It seems that no one suspects the effects of flight. Batteries and charging systems were probably tested extensively on the ground - at sea level, but possibly not at altitude. Also, the comment about lightning strikes seems particularly relevant.
The Japan airlines fire started when the plane was on the ground and being cleaned. What event happened during that time I would like to know. Is this when the charger kicked in? I don't know. Also wonder how cold the batteries get when the plane is in the air, or if there is a battery heater function in the design.
Is there any mechanism to monitor voltages in individual cells rather than just the series sum of all the cells? If one or two cells are faulty (or shorted out), the standard charging voltage across the entire battery could produce an over voltage condition in the remaining functional cells.
PHW_#1 I disagree. http://en.wikipedia.org/wiki/Lithium_iron_phosphate_battery gives the reasons why I said LiFePO4 is the safer chemistry. It would be my guess that there is a heater circuit in this battery, because very cold batteries perform poorly.
DrQuine - in a multi-series-cell battery, then it is usual to monitor the individual cell voltages. The Dreamliner battery is comprised of 8 series cells and I think you can see pairs of wires connected to each cell that I guess are for monitoring cell voltages. See slide 9 and zoom in http://www.ntsb.gov/investigations/2013/boeing_787/JAL_B-787_1-24-13.pdf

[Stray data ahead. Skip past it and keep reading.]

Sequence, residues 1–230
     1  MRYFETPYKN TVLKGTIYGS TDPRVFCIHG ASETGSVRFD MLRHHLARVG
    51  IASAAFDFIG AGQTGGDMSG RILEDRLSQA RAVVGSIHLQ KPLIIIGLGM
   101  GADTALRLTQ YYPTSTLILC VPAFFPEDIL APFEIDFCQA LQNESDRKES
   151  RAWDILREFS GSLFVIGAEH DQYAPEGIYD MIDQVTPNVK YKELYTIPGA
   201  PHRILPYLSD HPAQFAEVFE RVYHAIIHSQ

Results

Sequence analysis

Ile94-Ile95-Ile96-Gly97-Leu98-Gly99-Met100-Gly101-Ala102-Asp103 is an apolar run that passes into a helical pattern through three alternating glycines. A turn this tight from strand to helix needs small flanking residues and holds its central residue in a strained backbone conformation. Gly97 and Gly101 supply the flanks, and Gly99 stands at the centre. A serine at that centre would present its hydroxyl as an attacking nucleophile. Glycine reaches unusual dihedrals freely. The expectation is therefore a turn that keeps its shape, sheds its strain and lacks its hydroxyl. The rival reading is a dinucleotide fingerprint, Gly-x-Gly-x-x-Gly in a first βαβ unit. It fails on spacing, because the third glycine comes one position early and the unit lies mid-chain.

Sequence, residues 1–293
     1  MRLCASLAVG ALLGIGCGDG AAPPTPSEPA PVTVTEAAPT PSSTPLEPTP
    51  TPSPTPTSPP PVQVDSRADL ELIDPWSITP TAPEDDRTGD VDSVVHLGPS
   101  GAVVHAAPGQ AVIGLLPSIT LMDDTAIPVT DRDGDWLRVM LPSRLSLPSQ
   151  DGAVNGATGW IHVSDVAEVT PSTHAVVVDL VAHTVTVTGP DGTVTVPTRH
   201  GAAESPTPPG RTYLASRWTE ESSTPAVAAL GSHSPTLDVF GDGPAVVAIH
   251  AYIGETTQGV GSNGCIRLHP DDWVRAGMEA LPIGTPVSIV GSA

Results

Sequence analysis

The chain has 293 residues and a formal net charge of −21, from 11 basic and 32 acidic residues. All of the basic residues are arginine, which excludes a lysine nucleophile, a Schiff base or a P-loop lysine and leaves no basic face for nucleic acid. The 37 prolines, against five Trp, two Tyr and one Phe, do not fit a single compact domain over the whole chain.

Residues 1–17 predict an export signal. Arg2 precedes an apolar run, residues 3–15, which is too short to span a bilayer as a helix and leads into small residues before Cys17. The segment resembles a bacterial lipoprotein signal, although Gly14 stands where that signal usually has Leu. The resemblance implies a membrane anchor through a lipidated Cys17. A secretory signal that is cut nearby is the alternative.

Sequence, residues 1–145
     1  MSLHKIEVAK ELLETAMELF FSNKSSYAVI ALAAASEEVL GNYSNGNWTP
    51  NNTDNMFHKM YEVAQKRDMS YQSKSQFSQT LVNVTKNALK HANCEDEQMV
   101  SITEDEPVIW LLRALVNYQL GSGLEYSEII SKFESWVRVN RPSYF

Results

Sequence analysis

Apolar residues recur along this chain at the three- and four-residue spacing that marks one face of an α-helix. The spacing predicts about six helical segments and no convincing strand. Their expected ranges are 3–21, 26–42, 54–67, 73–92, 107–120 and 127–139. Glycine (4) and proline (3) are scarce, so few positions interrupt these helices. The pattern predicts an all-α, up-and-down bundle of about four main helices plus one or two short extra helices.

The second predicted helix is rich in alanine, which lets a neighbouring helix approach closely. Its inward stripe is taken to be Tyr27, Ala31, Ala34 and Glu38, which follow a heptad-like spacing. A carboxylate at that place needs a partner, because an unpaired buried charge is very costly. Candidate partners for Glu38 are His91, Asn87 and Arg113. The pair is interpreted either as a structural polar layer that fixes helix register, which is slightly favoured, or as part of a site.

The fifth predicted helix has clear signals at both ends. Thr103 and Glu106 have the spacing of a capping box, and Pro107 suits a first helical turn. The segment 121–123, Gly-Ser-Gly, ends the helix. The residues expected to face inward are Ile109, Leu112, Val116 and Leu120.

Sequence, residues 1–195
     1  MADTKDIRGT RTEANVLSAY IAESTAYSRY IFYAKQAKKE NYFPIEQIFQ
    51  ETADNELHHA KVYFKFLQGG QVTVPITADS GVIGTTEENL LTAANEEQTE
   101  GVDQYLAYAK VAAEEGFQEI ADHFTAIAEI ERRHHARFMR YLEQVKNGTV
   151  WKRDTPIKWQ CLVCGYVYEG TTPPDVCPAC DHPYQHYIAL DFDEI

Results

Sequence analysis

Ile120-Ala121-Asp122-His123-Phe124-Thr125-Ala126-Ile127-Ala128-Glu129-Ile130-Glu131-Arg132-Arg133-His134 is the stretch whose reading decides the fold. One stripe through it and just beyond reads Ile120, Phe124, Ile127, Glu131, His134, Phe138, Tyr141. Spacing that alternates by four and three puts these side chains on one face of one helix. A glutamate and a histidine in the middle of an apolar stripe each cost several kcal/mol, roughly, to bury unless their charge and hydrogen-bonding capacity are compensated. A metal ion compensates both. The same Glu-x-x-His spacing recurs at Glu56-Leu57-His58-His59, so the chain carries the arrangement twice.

I agree with DrQuine. Yes, you are right. Every individual cell inside the battery compartment of Li-Ion pack must be individually monitored using the fuel gauge Li-Ion cell over charge/discharge algorithm embedded in the SOC (system on chip) to monitor the state of charge (SoC) of individual Li-Ion cell. If one of the cells over charged or discharged for some reason, one can't prevent the cell from deterioration as the over charged/discharged situation initiates electrolyte (aportic) decomposition which will result in the gas evolution and pressure being built up in every further charge/discharge cycles till it explodes. I think this must have been the issue in Dreamliner case. Battery chemistry must be associated with external electronic control system such as a charger with CC-CV protocol. Hence, Li-Ion cell, although possessing wondering high energy density with high working voltage, the danger comes from many different angle but with one particular issue (over charging)!! Moreover, Anode side (perhaps graphitic carbon or Si-Sn-C composite) should not be over lithiated due to over charging as it the anode in Li-Ion cell is limited (so-called anode limitation to avoid formation of metallic lithium. Hence, a variety of cell issues emanated pausibly from the cell itself. If the latter is ensured, SoC monitoring circuit must have the appropriate CC-CV (constant current-constant voltage) protol. Any comments?
What are the engineering and design challenges in creating successful IoT devices? These devices are usually small, resource-constrained electronics designed to sense, collect, send, and/or interpret data. Some of the devices need to be smart enough to act upon data in real time, 24/7. Are the design challenges the same as with embedded systems, but with a little developer- and IT-skills added in? What do engineers need to know? Rick Merritt talks with two experts about the tools and best options for designing IoT devices in 2016. Specifically the guests will discuss sensors, security, and lessons from IoT deployments.